By Martha Cortes, DDS
Cosmetic dentistry has seen many changes in the last 30 years, and only recently with neuromuscular dentistry has occlusion regained its proper place in the field. It is assumed to this day by many cosmetic dentists that function is inherent in the habitual bite and that there is no need to improve function as the bite intelligently evolves through proper occlusal biomechanics. The assumption is that the adaptive reserve of the oral cavity and of the body in general is sufficient to compensate for any gradual occlusal changes regardless of the source of change. The role of the general dentist is to eliminate any obvious pathology from the oral cavity, and if possible, to recapture the occlusion of a single tooth or a few teeth, and optimally maintain the teeth as is without further pathological breakdown. However, it is tacitly understood that the scope of the general dentist is limited and does not include enhancing the overall occlusion/function, nor does it directly enhance the esthetics of the oral cavity. On the other hand, the specialty of cosmetic dentistry is superficially seen by patients and doctors alike as an esthetic enhancement of the smile and nothing else.
However, cosmetic dentistry is aptly one of the best ways to enhance the oral cavity on all levels. Besides enhancing the smile, cosmetic dentistry ought to improve the functional biomechanics of the oral cavity. Ideally, this should be the role of any and all dentistry. Dentistry should enhance the structural integrity of the oral cavity and not deteriorate it. A flawed bite, however, cannot be enhanced by covering it up with a prosthetic façade, as this will only lead to further pathology and the eventual debonding and/or breakage of veneers and crowns, distressing both the patient and dentist. If the smile and/or face are dramatically asymmetrical, there is an immediate indication of structural imbalance that should be corrected before any strictly cosmetic work is undertaken. This will save cosmetic dentists time and money and lower their frustration levels as they will not have to constantly recement or redo their work. If we use the habitual bite as the foundation for a makeover, the structural integrity of the esthetics will depend vastly on the underlying neuromuscular imbalance. Misalignment in a restored smile will eventually lead to breakage, debonding, and exaggerated wear and tear in teeth and restorations, and is ultimately a disservice to the patient.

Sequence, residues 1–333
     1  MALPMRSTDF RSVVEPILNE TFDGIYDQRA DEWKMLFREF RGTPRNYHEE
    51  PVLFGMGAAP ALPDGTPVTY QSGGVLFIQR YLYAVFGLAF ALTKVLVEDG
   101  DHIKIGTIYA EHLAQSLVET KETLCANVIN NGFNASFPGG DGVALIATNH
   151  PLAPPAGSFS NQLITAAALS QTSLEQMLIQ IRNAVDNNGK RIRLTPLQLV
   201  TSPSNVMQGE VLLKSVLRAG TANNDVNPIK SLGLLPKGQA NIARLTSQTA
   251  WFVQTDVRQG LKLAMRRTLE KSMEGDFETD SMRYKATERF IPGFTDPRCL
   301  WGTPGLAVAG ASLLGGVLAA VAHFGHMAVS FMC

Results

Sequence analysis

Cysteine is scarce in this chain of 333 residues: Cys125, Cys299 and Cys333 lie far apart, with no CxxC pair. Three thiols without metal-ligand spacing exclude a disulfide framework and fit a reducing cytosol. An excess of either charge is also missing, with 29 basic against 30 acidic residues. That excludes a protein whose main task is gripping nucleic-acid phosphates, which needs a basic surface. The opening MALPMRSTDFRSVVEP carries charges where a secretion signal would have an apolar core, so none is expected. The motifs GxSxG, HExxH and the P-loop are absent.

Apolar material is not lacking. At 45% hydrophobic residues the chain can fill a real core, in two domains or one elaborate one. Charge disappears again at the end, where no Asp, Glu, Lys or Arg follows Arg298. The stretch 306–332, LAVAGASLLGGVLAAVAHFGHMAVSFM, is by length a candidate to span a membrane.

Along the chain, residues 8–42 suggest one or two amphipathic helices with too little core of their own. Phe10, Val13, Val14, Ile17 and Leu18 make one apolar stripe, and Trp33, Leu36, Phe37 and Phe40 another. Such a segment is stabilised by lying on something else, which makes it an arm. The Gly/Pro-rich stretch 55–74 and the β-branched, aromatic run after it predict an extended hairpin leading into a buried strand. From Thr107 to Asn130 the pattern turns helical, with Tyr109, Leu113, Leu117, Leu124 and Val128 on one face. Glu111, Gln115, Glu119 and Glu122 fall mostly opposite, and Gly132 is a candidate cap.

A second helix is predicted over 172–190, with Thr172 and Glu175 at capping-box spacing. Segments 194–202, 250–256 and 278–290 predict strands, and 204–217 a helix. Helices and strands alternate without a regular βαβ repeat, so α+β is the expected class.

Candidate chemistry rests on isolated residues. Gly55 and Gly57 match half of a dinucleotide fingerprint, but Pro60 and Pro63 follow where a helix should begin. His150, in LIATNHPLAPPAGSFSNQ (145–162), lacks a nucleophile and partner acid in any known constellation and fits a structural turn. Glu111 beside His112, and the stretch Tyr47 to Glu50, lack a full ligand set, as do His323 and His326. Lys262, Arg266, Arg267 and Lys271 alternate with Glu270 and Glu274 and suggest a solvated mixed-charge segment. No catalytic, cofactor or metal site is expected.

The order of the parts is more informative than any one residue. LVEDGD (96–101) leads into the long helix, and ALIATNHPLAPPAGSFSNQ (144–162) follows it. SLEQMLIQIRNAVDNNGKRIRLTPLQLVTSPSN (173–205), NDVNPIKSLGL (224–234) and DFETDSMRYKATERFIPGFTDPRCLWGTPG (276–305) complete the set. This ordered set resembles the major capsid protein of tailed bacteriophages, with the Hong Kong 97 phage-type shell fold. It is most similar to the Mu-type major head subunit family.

I began learning cosmetic dentistry during dental school with Dr. Norman Mohl, and prior to dental school while working for Heraeus Kulzer teaching dentists how to use new bonding materials. I studied with Dr. Peter Dawson immediately after dental school in 1986, and have continued studying with Dr. Frank Spears and Dr. John Kois, as well as studying occlusal systems, such as bioesthetics and neuromuscular dentistry in the late 1990s.